The decision to alter should be made in the dressing room (or in your bedroom if you're evaluating clothes from your current collection). Ready-to-wear clothing is made for no one, or rather, it's made either from an average of lots of measurements (so really, no one), or it's made for one person's measurements, which are then scaled up and down for different sizes. Unless you happen to be the lucky 1 in a million that an item of clothing fits, you'll need to have it altered. If a garment fits your largest dimension, chances are it can be taken in to fit your smaller measurements. Sometimes if you need a little more room in areas, a garment can be let out a bit, but often it isn't much and certain fabrics are unforgiving as far as showing needle-holes and press-lines. Do your best to ignore the size label (they're totally made-up, un-standardized numbers, anyway), buy for your largest dimension, and have smaller areas taken in. If you're less than average height, you're obviously going to need hems on pants, but beyond that, you need to consider scale - you won't believe what a difference the right length of jacket or skirt can make!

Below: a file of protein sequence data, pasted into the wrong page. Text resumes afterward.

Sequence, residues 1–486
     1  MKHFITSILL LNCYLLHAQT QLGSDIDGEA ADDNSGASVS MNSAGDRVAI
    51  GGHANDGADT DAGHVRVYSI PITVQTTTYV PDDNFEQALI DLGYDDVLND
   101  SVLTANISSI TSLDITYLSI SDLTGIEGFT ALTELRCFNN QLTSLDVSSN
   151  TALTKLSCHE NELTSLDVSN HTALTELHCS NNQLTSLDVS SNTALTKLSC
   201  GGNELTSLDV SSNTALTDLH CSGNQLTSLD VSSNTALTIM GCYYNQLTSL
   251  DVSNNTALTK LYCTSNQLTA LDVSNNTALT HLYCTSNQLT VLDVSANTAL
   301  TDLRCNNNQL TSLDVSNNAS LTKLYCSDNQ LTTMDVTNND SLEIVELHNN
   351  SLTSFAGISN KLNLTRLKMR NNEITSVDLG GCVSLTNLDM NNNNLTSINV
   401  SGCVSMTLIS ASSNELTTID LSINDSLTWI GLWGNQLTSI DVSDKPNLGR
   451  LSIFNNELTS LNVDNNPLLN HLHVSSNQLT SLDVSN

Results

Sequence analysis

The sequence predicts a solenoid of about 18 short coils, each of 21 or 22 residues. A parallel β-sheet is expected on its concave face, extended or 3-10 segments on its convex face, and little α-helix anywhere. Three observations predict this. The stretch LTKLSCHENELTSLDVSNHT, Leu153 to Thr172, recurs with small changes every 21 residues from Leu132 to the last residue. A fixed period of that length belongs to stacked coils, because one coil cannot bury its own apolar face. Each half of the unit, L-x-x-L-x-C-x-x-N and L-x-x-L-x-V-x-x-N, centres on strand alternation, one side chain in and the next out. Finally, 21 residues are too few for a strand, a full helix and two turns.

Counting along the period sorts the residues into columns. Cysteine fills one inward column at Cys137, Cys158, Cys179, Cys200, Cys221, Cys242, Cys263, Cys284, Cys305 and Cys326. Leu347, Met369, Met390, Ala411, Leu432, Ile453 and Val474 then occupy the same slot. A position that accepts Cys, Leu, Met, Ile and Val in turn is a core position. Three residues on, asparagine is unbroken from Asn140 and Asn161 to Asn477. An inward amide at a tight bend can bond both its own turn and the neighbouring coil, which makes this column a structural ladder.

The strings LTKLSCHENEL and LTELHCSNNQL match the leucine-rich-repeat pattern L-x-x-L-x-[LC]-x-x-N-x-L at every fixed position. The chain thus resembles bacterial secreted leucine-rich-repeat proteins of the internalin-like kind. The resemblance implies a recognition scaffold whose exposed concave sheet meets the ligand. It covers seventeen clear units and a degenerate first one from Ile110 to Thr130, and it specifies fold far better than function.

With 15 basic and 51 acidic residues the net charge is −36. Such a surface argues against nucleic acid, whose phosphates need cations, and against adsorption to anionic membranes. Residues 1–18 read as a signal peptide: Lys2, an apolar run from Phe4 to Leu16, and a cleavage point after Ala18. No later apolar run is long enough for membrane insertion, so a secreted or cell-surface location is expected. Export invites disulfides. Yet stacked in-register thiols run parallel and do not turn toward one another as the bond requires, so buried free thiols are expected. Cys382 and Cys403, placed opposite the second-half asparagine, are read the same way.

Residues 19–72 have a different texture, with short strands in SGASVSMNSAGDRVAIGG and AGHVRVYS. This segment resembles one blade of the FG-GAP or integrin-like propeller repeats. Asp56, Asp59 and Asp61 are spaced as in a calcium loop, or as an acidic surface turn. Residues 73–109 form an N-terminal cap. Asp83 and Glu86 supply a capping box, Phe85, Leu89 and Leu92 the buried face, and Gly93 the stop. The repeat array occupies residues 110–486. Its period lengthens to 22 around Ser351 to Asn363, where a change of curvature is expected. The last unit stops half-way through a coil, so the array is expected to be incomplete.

If you don't know if a piece can be altered convincingly to meet your fit, flattery, and budget expectations, check the store's return policy, and bring yourself and your purchase to a skilled alterationist to get his or her expert opinion. Most items can be made better, but there is a limit to what can be done. You want to be sure the alteration maintains proportions. If you have the seat taken in on a pair of pants, the pockets can begin to converge too closely and start to look odd. As I mentioned before, some specialty fabrics like leather, certain silks, velvet, or beaded and embellished fabrics don't lend themselves to being let out. If fabric needs to be added to accomplish the correct fit, matching colors, weights and textures can be a challenge.